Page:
This is Cleopatra without a facade. And the pause seems to work, as the next few lines regulate their meter–there should not be a trochee to start the sentence “Then is” (“THEN is” would negate the question mark that finishes the sentence; “then IS” does not). The last line of that sentence gets a spondee (DARE COME) that allows the alliteration of “death dare” to gain focus.

It’s at this point in the speech that she turns her attention to the women: “How do you, women?” completes the line iambically and with a feminine ending. And here I think the following line could start with an accented first-syllable spondee. In fact, I’d argue that you have five spondees in that line:


/ / / / / / / / ~

What, what, good cheer! Why, how now, Charmian?

She needs to get their attention and this is how it’s done, emphasizing and stressing every (mono-)syllable.

She seems to succeed in getting their attention, as she’s able to return to flowing blank verse in the next line, and continues thusly to the end of the sentence midway through the next line. You almost get the feeling that speaking to them has given her the sense of an audience, and has made her the performer again. Finishing the line, however, are two spondees, with Cleopatra referring to her attendants as “good sirs.” She needs them now to “take heart,” and stressing each syllable (again, all monosyllabic words), she grabs their attention again…as she is about to give them the most painful order she has ever put upon them. Burying him is the easy part, and this line is iambic save for the feminine ending (“noble”).

What comes next is more difficult, as reflected in her broken rhythm:


~ / / ~ ~ / / ~ / ~

Let’s do’t after the high Roman fashion,
~ / / / ~ / ~

And make death proud to take us.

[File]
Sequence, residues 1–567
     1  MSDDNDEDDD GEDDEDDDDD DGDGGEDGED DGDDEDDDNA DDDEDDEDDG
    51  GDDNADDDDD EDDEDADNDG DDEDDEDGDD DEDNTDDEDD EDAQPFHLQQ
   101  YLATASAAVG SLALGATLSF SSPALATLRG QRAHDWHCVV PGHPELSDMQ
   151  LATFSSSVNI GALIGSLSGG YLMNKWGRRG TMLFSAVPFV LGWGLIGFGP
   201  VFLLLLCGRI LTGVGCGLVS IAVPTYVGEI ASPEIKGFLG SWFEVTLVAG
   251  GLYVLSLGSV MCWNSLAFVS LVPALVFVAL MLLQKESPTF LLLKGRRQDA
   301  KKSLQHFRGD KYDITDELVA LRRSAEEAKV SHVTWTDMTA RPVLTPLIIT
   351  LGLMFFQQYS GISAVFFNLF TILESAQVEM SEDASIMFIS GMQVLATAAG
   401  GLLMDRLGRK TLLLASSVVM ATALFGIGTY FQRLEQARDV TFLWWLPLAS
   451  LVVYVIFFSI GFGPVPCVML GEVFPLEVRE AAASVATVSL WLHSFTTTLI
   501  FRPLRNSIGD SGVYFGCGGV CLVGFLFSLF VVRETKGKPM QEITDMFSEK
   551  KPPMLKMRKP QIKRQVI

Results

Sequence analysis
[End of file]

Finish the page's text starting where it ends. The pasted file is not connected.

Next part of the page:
She’s suggesting suicide. As she calls it the “Roman fashion,” it seems like a culturally foreign solution for her and her women; it’s an uncomfortable subject (and thus, iamb trochee iamb trochee trochee). Once it’s out of her mouth, though, she’s free to return to blank verse.

But what is the response of Charmian and Iras?

I’ll argue that if their reaction is immediate and positive, and the line is purely, fully, iambic. However, if there is hesitation on their side, Cleopatra should elide “take us” to “take’s,” so as to enforce a caesura before “Come, away.”

The next line is the strangest in the speech: “This case of that huge spirit now is cold.” It has two separate spondees and it has a very bawdy reading available (into which we will plunge with greater depth, length, and force next month). She could be talking of Antony’s dead body growing cold, but it’s a pretty mundane point to be making this late in the speech. I’d lean into that bawdy reading–you know I would–but why does she feel the need for bawdy? To buttress her attendants’ spirits and resolve? To make light of the situation? Regardless, it seems clear that Cleopatra is back fully in performance mode.

She finishes the speech with a rhyming couplet, the first line of which is filled with possible spondaic stresses, the second perfect iambic pentameter. This couplet is the speech in microcosm: broken rhythm of a pounding heart, followed by calm resolve.

She’s ready for a quick (“briefest”) end.